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  #18913  
Old Posted Jan 16, 2014, 11:10 PM
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Originally Posted by ethereal_reality View Post


www.westadams-normandie.com

I wish we could see the blade sign at far right better. It does say Blue Bird Laundry.


Times June 10, 1928

(Angeles Mesa Drive = continuation of Crenshaw)


The 3600 S Western Ave location was expanded the year before:

Times Sept 4, 1927


The 1939 CD lists these and locations at 4330½ and 5721 S Crenshaw and 4701 W Pico--none seems to have survived.

I guess you knew, ER, that the 3600 S Western plant was directly across the street from the Western Public Market...
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  #18914  
Old Posted Jan 17, 2014, 12:04 AM
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Originally Posted by GaylordWilshire View Post
I guess you knew, ER, that the 3600 S Western plant was directly across the street from the Western Public Market...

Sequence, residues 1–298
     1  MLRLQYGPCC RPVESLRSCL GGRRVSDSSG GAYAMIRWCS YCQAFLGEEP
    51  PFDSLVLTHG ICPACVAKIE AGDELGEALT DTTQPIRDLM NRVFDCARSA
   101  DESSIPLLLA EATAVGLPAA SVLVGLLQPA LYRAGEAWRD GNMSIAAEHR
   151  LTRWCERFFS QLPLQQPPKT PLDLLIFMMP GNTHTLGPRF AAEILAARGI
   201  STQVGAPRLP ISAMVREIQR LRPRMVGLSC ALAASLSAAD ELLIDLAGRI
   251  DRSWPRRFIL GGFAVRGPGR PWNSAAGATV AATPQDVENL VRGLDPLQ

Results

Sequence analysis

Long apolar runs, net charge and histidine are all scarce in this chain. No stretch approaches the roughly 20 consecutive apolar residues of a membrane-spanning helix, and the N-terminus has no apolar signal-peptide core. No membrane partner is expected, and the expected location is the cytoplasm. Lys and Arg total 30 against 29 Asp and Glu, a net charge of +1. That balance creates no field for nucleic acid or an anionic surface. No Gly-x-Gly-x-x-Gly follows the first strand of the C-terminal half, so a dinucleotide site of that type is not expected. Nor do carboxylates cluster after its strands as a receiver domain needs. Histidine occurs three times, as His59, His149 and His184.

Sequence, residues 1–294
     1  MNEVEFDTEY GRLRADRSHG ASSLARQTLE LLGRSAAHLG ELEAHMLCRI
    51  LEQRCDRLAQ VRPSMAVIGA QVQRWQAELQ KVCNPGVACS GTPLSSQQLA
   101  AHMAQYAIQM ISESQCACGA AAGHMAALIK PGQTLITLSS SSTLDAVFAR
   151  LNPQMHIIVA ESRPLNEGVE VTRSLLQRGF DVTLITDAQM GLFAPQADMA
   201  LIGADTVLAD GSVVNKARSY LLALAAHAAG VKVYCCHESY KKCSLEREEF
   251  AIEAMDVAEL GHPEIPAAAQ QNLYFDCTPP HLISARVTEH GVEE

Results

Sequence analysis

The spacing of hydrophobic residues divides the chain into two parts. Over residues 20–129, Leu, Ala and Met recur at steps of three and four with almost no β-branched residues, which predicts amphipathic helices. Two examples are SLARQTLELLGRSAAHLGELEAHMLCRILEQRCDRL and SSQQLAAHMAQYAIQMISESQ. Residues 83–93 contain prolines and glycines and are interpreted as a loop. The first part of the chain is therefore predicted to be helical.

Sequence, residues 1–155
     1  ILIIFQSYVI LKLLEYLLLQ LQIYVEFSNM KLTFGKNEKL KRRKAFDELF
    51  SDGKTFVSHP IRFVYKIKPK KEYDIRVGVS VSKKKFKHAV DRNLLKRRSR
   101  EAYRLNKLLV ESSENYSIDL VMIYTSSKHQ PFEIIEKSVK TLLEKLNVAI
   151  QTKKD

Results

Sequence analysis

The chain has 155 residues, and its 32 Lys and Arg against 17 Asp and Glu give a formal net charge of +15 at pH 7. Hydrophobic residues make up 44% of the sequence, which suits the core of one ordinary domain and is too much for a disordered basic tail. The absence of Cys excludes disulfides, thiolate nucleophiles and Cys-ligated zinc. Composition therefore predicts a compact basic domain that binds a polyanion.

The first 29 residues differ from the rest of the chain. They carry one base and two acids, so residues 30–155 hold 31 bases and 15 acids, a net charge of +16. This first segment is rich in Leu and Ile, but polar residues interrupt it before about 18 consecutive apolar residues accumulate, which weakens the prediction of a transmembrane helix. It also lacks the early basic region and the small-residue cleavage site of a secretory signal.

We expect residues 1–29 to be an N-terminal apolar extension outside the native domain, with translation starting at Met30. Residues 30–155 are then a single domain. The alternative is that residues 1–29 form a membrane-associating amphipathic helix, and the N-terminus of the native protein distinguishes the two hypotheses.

I didn't GW. -purely serendipitous.
__








Surprise! It's still there and in business.

GSV




The tower must be especially nice at night...notice the special lighting.

__

Last edited by ethereal_reality; Jan 17, 2014 at 12:19 AM.
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  #18915  
Old Posted Jan 17, 2014, 12:05 AM
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Originally Posted by oldstuff View Post
According to the 1900 Census, Edward Strong, his wife and various relatives lived at 635 W. Fifteenth. Edward was apparently a salesman, but the census does not say of what. He had a brother, who resided with him at that time, who was a physician.
Thanks for the extra info, oldstuff. Edward A Strong is listed in the early City Directories which give his address as 637 W 15th, but there's no mention of him being a salesman. The 1926 CD lists him as proprietor of the Otsego Apartments (which are listed at 633 W 15th). Edward's wife, Mary A Strong, doesn't get included in the CDs until 1929. The last mention of the Strongs seems to be 1938.

After I made my original post, I found the Otsego Apartments in the middle of a downtown aerial that USC dates as circa 1970.